edited 2:37 AM EDT August 7, 2020
by WDLmaster at 8:44 AM EDT on August 7, 2020
To me it seems the sequence data (actual note events) is the first region starting at offset 144 because it's the only region appearing to be of variable length and differs the most between files. Everything else has fixed length.

After the supposed sequence data begins a fixed-length block (can be identified by a sequence of 0x0001 0000 0000 0000) which is mostly identical between files with the exception of some bytes here and there and some kind of offset table (512 bytes long) which contains little endian DWORDs in ascending order.

I'm a huge fan of Tracker Music myself but I don't recognize the sequence format. The only formats which I instantly recognize are MOD, S3M, XM and IT. But here it does indeed look like a custom MIDI variant. At least we "know" that it uses 16 channels because there are 16 "all notes off" controller-change events in each file.
by almendaz at 7:19 AM EDT on August 9, 2020
Thanks for the update.
(For the same binary data)
Can it be possible to convert (i.e. "force-paste into") the "sequence" data to standard MIDI (second region? i.e. data after the 0x5F bytes after "begin") just to test the sound? I cannot tell if the last "quasi-constant" region is padding/garnage data or if it's meaningful, and the differences between the 14 tracks seems offsetted by some constant for each of the tracks (maybe the offset table you've mentioned). Unless, there are not recognizable MIDI events in that region. What can you tell about the first 0x44 bytes before each "MThd" string? For reference, the binary data (container for the 14 MIDIs) is located at (LBA) sector 3760 of CD image.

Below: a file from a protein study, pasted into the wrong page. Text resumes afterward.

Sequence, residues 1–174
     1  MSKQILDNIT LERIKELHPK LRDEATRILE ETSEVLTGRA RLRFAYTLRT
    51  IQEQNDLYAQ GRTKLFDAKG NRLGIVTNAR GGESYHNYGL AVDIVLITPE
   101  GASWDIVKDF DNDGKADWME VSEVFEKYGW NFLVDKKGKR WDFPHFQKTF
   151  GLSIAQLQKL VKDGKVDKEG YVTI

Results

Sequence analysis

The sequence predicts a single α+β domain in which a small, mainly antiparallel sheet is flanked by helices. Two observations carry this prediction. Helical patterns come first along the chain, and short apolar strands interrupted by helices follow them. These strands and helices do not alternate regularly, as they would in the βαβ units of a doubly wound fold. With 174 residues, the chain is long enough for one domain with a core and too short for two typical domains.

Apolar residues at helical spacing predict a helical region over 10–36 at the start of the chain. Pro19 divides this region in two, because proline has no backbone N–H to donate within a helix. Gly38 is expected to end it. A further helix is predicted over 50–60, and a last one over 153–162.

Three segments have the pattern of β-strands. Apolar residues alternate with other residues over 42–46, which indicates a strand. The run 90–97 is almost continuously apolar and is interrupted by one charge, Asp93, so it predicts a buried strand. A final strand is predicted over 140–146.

For now, each track structure seems to follow {PC-FX-specifig hdr (0x44)}{MThd hdr (0x90)}{seq/events (VAR)}{"last region" (0x1C5C)}
by WDLmaster at 9:01 AM EDT on August 9, 2020
I don't know what those 68 leading "header" bytes mean. Might be unrelated to the actual file, maybe some CD sector/file system stuff like creation data, modification date, flags etc…

As for pasting bytes into the sequence: of course you can paste stuff to that location but there's nothing representing valid MIDI commands. The way those bytes are arranged is definitely not "standard" MIDI. You can tell that by certain restrictions MIDI has on how bytes have to be structured, for instance:

* a delta-value (before any event) can never have a 0x00 between itself and the event.

* because bit 7 of ANY event has to be set for it to be MIDI conform, any byte starting with 0x0 to 0x7 is invalid. A valid event will always start with 0x8 to 0xF.

* there can never be more than one 0x00 after or before an event.

* if a certain offset is supposed to be a delta value, there can NEVER be more than 4 consecutive bytes having bit 7 set. Deltas consist of 1 to 5 bytes, never more because internally the MIDI "ticks" are represented as 32-bit DWORDs. If there's indeed 4 bytes with bit 7 set and the next one has bit 7 not set, the value of that bytes must never exceed 0x0F because then it would overflow the DWORD.

* an event can never be directly come after another one without having at least one delta-byte between them.

* a parameter of an event can never exceed the range of 0..127, so anything above 0x7F is invalid.

* there are way to many 0xFF bytes in the sequence. It's of course not entirely unlikely that they appear that often but that command (meta event) is only used for initialization stuff and the "set tempo" command and stuff like that.

edited 9:08 AM EDT August 9, 2020
by almendaz at 2:48 AM EDT on August 10, 2020
Thank you for the clarification and detailed exposition. I'm no MIDI expert to be able to figure this.
If they went to make a custom non-sdtandard MIDI, then I bet those two "early" games would be the only ones to use that, and the other games might very well use an original, console-specific format for non-streamed sound.
The information you posted is pretty useful. Please leave your exposition here as a future reference.